Most beginning web designers have some difficulty with file formats, especially concerning images–I know I certainly did when I was starting out. There are three separate formats for images, and it’s hard to know which format is the best for saving image files that you’re going to display on your website, either as part of your layout or as part of your content. You don’t want the images to take two days to load, but you don’t want them to look like you used them for toilet paper, either. What is a web designer to do?
JPG: Best for Photographs, Not for Graphics
When I first started out, I read a few tutorials here and there about image saving, but I really took to the JPEG file format because it saved my images in such a small kilobyte size, which was and still is important to me. I was very impressed with how JPEG compression packed the image into such a small space that it transmitted well even over a dialup connection, so I began using .jpg format for all of my layout images, content, everything. It’s sort of the same principle as admiring someone who’s managed to pack a ton of stuff into their suitcase–you sit there wondering “How’d they do that?” Little did I know how much JPEG had left out of my images–like people leaving half their outfits at home to save space.
I don’t claim to know how JPEG compression works, but for the most part, it tends to leave a good bit of information out of your image, especially when you save it as a JPEG and choose “Low” or “Medium” quality. The blown-up versions of the two images at the first of this section show you what results from saving an image at “Low” or “Medium” JPG quality:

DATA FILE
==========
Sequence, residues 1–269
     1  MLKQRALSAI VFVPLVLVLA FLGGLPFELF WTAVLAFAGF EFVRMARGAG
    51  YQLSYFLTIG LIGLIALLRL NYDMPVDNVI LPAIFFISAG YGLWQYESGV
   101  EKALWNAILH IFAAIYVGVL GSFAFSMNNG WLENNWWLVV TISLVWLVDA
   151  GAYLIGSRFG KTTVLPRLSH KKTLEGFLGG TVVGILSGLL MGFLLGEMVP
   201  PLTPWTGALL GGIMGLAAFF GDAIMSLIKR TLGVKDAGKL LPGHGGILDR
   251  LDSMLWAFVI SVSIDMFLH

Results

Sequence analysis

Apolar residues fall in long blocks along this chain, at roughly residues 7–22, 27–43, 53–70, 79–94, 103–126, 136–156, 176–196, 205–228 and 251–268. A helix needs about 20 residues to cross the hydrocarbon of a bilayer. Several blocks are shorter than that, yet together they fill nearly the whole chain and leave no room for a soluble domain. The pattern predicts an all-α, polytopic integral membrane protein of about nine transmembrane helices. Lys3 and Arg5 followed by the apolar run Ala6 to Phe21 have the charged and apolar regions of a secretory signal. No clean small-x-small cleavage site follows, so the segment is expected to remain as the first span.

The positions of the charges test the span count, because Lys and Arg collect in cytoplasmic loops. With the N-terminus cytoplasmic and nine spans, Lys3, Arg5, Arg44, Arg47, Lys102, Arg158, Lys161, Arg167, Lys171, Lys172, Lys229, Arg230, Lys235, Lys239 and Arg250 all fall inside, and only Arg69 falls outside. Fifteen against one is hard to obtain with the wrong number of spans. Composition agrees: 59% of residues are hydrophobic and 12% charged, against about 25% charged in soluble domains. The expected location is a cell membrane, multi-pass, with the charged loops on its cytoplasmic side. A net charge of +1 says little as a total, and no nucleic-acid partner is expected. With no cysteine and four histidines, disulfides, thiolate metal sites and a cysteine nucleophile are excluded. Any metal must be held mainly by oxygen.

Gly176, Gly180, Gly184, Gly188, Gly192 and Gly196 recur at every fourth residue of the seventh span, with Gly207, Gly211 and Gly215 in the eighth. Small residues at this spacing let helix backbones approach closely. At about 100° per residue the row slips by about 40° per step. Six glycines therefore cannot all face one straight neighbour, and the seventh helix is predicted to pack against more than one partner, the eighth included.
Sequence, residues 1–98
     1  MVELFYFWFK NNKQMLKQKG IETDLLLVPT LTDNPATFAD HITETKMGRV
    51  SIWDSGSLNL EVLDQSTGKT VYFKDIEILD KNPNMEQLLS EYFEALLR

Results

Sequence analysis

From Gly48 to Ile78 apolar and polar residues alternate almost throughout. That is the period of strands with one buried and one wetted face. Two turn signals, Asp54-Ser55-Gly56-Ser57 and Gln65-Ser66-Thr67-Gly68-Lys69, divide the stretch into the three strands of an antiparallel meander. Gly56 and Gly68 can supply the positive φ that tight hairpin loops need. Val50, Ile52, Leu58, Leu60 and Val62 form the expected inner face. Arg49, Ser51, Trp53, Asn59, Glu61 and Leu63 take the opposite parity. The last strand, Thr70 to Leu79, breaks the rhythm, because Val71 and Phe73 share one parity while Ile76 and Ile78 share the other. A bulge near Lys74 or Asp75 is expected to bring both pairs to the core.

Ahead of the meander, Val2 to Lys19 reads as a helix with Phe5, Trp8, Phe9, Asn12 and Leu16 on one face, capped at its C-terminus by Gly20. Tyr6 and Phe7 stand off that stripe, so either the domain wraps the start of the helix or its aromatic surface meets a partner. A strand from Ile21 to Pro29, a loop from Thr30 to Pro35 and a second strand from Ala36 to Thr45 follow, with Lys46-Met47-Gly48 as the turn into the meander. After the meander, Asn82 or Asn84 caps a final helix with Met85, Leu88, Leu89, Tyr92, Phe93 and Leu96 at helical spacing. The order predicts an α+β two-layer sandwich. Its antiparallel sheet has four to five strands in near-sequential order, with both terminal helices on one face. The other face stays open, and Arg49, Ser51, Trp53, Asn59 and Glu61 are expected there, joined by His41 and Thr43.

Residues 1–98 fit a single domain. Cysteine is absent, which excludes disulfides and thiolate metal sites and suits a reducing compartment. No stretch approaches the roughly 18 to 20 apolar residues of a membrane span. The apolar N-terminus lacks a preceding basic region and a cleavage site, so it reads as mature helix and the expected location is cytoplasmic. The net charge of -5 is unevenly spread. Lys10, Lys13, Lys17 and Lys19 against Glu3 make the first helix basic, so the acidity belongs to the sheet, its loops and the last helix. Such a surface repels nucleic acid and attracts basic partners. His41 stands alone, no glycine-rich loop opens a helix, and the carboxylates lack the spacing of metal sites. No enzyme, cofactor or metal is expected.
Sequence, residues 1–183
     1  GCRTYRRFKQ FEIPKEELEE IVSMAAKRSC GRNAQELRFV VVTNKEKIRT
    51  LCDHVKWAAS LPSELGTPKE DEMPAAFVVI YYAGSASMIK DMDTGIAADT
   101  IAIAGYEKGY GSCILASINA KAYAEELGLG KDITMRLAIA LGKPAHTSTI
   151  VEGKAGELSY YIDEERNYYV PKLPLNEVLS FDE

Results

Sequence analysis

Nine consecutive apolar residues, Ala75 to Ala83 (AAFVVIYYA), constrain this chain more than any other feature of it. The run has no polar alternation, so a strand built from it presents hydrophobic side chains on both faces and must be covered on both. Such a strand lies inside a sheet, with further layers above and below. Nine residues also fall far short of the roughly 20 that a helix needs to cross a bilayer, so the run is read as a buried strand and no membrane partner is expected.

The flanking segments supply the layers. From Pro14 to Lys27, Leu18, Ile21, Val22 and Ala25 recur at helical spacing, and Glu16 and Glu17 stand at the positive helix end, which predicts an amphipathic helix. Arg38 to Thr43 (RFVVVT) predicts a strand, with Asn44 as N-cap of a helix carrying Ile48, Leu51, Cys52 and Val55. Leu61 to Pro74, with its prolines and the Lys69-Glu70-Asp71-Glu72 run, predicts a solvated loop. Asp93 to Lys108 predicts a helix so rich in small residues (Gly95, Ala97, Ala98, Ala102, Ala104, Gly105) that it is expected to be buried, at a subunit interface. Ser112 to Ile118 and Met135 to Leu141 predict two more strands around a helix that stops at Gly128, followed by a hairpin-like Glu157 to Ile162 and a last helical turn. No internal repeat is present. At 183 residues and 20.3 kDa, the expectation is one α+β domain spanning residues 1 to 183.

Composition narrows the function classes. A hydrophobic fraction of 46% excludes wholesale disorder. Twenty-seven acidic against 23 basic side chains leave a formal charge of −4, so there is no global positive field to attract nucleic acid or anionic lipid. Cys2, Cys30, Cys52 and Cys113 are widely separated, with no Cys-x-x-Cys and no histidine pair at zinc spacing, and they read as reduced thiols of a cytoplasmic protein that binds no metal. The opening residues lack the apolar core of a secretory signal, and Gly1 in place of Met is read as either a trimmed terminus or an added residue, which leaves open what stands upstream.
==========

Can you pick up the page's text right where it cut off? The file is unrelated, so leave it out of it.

From left to right: Low: 2.70 KB; Medium: 3.74 KB
As I’ve heard it described, JPEG, especially low- or medium-quality JPG, is a “lossy” format–it’s like your image’s “suitcase” has a hole in the bottom. It sure is lighter when you get to your destination, but there’s a reason for that–the style of compression leaves out some of your image’s pixels to make the file smaller. The JPG file format doesn’t work very well for layout images and small icons because it tries to make up for all the pixels it left out, leaving your image rather pockmarked and subtly polka-dotted with oddly-colored pixels. Once you go up the quality scale, however, you get much better results, but you’re going to have to have a bigger file size, as shown below:
From left to right: High: 5.99 KB; Very High: 8.72 KB; Maximum: 13.7 KB
The blown-up versions below show how much better the image is constructed:
From left to right: High Quality, Very High Quality
But do not despair–JPG is absolutely wonderful for photographs, for some odd reason. I’ve taken to using JPG sparingly or not at all in my layout designs unless the layout features a full-color photograph or two, and if I have lots of pictures, I’ll use JPG to compress them without losing too much. (I find that JPG “Very High” quality blends the best of both worlds–smaller file size and good-looking product.)
GIF: Best For Icons and Little Graphics
I used to never touch GIF files except to make random little animations. I thought the file format was overly bloated–certainly its files were usually twice as big as JPG files of the same item. Little did I know, the format was actually going to prove quite useful to me! It may not be as good as JPG at compressing files, but it is great for making your layout tick.